- Associated Press - Saturday, March 15, 2014

BISMARCK, N.D. (AP) - North Dakota officials are trying to tap into a state fund generated by oil and gas tax revenues to pay for the cleanup of what may be the state’s biggest incident of illegal dumping of radioactive filter socks, a part used in the oil production process.

The fund is meant for plugging and reclaiming abandoned oil wells, pipelines or oil brine spills. But the North Dakota Department of Health may use that money for the cleanup because it doesn’t have a fund for that specific use, the Bismarck Tribune reported Friday (http://bit.ly/1fJoWF8 ).

Hundreds of the tubular filters were discovered earlier this month in an abandoned building in Noonan, a town of about 200 people in northwestern North Dakota.

It’s unclear who dumped the waste in the building.

Divide County Chief Sheriff’s Deputy Zach Schroeder said at the time the filter socks were found that the building’s owner was charged with felony larceny in an unrelated incident and has yet to be located.

“He is a fugitive,” he said.

Schroeder said Saturday that the owner still had not been located and that the investigation into which oil or service company actually generated the waste is continuing, according to the newspaper.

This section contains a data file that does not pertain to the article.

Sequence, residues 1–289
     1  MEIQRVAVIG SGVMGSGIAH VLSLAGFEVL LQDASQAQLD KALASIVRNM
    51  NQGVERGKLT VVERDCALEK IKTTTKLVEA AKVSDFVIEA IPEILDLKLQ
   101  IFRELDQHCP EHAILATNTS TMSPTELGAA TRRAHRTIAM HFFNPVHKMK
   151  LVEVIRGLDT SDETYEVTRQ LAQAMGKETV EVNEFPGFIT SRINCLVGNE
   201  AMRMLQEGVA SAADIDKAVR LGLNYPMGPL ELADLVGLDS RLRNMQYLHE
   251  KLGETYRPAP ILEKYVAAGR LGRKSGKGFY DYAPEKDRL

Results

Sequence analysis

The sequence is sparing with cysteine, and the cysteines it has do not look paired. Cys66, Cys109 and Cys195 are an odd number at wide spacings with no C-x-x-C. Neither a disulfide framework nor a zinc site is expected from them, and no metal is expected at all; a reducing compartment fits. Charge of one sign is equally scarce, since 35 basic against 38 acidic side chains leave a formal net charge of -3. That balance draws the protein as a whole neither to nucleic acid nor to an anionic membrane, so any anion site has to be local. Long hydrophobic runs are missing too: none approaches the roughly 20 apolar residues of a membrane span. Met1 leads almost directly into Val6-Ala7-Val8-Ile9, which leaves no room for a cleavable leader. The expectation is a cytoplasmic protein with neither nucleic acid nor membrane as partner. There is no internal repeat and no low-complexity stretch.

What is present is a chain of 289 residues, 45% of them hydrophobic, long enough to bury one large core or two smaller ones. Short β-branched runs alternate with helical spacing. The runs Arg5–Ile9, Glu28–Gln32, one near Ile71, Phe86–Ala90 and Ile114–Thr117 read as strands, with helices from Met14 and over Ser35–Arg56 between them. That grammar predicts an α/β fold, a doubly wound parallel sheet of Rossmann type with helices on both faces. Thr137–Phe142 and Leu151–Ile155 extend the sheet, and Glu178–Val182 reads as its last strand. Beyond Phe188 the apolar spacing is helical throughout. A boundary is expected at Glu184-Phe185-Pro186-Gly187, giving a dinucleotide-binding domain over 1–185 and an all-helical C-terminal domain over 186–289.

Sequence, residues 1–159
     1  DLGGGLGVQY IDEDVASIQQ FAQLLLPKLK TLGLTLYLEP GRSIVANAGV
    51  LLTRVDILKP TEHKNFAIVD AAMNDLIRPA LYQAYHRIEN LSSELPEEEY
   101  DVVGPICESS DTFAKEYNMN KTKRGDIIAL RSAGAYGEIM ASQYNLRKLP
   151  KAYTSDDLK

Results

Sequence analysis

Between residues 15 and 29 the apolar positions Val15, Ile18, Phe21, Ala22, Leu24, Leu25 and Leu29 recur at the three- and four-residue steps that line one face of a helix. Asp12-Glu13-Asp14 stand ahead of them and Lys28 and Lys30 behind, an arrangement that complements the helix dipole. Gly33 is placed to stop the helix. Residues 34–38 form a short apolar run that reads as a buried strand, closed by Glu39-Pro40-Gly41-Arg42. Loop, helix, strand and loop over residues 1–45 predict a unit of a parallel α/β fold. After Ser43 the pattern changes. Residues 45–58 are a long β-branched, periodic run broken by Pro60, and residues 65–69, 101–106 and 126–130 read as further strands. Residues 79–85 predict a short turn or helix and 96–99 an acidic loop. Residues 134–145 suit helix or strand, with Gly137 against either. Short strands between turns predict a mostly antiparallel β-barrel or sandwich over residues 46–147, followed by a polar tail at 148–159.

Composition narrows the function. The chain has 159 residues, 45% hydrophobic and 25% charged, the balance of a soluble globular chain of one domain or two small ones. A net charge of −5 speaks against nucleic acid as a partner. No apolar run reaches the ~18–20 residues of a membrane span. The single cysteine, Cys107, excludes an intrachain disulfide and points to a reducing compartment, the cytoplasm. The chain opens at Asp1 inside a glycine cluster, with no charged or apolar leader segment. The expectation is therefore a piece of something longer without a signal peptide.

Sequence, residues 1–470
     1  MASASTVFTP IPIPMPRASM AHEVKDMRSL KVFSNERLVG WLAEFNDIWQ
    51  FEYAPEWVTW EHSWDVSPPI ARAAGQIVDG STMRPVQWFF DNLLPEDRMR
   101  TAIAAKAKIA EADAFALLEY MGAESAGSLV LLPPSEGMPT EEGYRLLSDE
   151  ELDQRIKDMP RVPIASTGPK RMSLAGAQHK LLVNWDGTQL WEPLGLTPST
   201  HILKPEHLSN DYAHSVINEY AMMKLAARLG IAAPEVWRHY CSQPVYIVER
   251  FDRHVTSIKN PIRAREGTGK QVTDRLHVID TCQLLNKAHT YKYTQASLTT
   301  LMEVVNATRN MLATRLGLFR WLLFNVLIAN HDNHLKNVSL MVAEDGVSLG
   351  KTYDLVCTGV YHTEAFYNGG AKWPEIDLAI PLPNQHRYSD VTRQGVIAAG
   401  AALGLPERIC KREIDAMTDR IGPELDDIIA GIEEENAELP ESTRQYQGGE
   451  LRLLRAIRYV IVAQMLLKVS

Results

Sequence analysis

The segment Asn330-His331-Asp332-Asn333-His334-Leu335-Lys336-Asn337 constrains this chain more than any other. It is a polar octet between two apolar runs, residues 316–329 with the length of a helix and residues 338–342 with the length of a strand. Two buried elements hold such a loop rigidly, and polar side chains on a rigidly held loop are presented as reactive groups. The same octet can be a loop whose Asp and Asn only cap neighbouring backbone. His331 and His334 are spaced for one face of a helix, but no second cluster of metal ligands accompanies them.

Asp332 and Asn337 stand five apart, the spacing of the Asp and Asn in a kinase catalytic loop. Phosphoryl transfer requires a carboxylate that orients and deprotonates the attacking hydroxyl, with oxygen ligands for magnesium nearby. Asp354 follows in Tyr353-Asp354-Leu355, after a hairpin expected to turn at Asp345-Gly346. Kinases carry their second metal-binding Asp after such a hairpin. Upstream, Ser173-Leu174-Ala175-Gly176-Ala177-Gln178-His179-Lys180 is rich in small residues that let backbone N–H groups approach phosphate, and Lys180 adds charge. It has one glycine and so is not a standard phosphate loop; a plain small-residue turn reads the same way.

State Waste Management Director Scott Radig said that in the absence of an owner his department is making arrangements with the Industrial Commission to tap the state fund.

Department of Mineral Resources spokeswoman Alison Ritter said it’s possible the fund could be used for the cleanup.

Filter socks can become contaminated with naturally occurring radiation and are banned for disposal in North Dakota. Oil companies are supposed to haul them to approved waste facilities in other states such as Montana, Colorado and Idaho, which allow a higher level of radioactivity in their landfills.

The filter socks have been tested and show low levels of radioactivity, Radig said earlier this month.

“The public is not at risk as long as people don’t break into the building and start handling them,” he said.

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Information from: Bismarck Tribune, http://www.bismarcktribune.com